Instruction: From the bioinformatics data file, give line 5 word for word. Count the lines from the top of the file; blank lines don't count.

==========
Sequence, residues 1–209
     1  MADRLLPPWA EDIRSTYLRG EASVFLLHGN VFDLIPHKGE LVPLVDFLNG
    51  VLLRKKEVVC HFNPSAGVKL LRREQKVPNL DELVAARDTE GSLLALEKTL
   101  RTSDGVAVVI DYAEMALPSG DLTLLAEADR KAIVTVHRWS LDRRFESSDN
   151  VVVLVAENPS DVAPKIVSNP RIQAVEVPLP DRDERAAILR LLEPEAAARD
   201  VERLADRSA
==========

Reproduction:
   151  VVVLVAENPS DVAPKIVSNP RIQAVEVPLP DRDERAAILR LLEPEAAARD